Thursday, September 1, 2011

Observations from my time away

It's good to take a hiking trip when you're in the middle of revising a manuscript about hiking.

For 7 days, I did not watch TV or listen to a radio. For 10 days, I did not touch a computer. I turned on my phone once a day to check messages, then turned it right off again. I didn't always have phone reception.
It was lovely.

The way I found out about the earthquake was through a headline in a day-old San Francisco Chronicle. And may I say, I certainly never expected that by traveling from Pennsylvania to California I would avoid an earthquake.

The way I found out about the hurricane was on a big-screen TV in a cafe where we were having lunch, on our way back to the city from which we were supposed to fly home. We did not actually make it home for another three days. Ultimately, I flew standby on one plane, my husband flew standby on another, and our luggage came home on a third plane.

The cat is now curled up with my suitcase, which is on the living-room floor. I think he believes he can keep me from leaving again, should I be so inconsiderate as to attempt it.

Having a dental crown pop off in the unlit washroom of a High Sierra camp is not the highlight of one's vacation.

Number of people who worried aloud about bears when they heard I was going to Yosemite: about a dozen. Number of bears I saw in Yosemite: zero.
Number of bears I saw in Sequoia National Park: 1. Number of bears that bothered me or gave any evidence they even knew I existed: zero.

Sitting barefoot next to the waterfall at Glen Aulin High Sierra camp, reading a book, I realized it was the first time in ages that I had spent an afternoon doing nothing much. And it was certainly the perfect setting in which to do nothing much. I repeated the sit-by-the-water-and-read experience at May Lake (blue-green water at the base of a mountain, fringed by wildflowers), with the same satisfaction.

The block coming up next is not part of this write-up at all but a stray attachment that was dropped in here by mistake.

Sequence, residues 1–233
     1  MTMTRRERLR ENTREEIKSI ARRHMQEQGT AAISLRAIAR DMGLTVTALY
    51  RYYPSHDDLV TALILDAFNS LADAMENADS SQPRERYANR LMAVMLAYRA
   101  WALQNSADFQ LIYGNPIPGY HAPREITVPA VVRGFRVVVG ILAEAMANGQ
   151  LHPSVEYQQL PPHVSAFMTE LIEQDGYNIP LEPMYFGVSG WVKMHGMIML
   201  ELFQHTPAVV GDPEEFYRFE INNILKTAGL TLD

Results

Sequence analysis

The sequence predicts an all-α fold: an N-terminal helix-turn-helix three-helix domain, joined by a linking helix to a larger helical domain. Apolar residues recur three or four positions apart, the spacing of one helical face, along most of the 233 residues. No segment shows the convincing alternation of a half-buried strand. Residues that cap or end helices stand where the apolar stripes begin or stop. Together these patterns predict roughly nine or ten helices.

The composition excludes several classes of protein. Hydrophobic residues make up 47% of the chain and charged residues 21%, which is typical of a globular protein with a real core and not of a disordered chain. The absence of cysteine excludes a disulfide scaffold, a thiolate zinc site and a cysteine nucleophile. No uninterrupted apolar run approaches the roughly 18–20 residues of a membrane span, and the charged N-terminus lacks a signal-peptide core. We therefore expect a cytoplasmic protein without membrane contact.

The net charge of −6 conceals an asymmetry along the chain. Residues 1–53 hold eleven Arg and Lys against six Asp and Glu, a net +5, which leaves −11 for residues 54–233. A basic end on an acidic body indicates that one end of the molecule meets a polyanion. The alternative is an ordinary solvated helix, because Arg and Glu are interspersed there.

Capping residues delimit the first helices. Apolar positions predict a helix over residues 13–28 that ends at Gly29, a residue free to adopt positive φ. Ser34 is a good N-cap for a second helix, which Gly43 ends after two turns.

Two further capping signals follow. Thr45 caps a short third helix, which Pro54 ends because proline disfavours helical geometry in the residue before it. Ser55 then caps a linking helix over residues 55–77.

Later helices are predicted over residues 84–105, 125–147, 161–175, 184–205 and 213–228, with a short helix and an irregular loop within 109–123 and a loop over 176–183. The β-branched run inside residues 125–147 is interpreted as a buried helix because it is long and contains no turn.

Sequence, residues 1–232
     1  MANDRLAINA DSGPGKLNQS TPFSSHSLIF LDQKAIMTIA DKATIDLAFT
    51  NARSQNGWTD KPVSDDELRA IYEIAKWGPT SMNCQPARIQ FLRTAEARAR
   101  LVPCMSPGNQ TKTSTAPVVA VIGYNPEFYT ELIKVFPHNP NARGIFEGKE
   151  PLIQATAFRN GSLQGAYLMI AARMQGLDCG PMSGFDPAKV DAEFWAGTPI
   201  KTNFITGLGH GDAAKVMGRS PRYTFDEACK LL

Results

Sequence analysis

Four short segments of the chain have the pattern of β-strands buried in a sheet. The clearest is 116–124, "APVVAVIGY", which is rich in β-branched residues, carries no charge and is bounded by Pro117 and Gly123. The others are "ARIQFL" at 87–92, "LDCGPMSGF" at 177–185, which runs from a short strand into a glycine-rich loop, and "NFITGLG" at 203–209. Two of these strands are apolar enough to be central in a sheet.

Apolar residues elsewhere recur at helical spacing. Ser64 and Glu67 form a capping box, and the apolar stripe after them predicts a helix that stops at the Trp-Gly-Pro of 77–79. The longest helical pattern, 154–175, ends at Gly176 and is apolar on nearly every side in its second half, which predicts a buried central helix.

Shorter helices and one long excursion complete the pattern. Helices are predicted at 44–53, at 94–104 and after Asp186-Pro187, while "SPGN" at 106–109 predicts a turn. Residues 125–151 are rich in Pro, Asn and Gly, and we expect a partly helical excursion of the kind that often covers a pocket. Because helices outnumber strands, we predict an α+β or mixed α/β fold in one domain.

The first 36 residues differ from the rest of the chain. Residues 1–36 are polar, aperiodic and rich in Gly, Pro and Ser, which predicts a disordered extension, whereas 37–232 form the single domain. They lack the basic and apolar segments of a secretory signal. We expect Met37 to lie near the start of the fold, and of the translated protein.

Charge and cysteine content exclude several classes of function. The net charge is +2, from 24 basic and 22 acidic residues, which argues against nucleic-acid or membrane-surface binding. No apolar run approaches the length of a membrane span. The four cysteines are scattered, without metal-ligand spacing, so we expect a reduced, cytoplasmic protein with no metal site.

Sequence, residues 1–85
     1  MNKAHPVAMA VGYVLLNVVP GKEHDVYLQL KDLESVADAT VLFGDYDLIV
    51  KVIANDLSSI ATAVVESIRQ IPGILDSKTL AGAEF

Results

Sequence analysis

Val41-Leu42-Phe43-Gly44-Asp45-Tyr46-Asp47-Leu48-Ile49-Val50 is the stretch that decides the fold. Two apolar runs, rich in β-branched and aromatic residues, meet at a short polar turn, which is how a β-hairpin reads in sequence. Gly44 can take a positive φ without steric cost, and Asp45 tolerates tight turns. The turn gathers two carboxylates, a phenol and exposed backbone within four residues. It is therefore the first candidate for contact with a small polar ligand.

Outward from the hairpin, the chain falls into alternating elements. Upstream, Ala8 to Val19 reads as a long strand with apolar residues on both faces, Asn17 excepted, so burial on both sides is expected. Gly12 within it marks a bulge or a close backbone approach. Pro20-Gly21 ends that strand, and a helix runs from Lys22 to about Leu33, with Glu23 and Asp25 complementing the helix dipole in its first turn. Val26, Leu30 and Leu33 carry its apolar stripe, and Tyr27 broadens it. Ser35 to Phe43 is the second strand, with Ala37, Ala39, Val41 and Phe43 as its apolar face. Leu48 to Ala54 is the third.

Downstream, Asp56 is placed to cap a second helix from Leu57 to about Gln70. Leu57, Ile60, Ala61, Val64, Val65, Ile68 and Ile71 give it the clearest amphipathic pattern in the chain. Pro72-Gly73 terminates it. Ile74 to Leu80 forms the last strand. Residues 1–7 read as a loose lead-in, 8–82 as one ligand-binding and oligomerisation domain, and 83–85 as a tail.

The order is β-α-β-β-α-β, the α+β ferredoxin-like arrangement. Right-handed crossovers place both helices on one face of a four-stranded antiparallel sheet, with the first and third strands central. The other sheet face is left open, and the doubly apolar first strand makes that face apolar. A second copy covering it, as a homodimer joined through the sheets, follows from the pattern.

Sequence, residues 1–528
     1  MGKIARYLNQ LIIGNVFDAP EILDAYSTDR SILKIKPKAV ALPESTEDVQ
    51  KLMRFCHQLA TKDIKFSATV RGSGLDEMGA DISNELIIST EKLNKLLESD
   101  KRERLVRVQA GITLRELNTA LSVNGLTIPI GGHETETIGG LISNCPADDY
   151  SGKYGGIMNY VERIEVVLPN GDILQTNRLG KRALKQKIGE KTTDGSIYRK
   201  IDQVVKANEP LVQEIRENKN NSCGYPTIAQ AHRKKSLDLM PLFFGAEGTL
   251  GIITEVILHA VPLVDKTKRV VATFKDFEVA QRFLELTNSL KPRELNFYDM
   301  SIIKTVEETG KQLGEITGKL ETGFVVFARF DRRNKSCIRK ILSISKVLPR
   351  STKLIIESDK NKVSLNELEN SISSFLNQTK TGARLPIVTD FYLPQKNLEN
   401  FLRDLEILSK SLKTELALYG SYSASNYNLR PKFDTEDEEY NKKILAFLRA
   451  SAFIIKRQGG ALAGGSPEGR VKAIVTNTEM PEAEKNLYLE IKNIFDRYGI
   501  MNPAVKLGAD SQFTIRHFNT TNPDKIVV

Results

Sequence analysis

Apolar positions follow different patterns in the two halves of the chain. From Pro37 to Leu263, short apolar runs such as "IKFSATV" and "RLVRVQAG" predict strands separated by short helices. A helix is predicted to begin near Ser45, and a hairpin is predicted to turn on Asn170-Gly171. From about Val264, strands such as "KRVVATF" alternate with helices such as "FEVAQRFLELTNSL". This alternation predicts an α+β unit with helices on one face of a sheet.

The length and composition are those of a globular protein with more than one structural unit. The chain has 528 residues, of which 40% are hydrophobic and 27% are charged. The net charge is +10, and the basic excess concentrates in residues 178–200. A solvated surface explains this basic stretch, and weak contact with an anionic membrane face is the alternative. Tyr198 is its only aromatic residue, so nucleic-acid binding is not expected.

Mosquitoes do not learn anything from watching their brethren get smushed: they will still land on your arm.

I love lupines almost as much as Dennis Moore does. (To the youngsters out there, I feel compelled to point out that this is a joke about Monty Python. But I really do love lupines.)

A hot shower is one of the delights of civilization.

It's nice not to have to put on sunscreen every morning.

The National Parks shuttle systems are awesome.

There are still plenty of stars in the sky, as we can see when we don't drown them out with light.

My notebook accidentally spent a night outside at May Lake. Even though it rained a bit, the book has a plastic cover and suffered no lasting damage.

Of course I carried a notebook (a paper one). It contains story notes that are probably illegible to anyone but me.

On our first full day of vacation, before we had our hiking legs under us, my husband and I climbed from Yosemite Valley up to Yosemite Point. We are insane. But in a good way.

It's been one of my lifelong dreams to see the most massive trees in the world, the giant sequoias. It turned out to be one of those dreams that lives up to expectations.


  1. Welcome back. This post is beautiful, Jenn.

    I spent a lovely 24 hours camping in the North Cascades this past weekend and it reminded me how much I love the woods. No bears for us. I'm also working on an "in the woods" story and made sure my sensory perception was tuned to "high".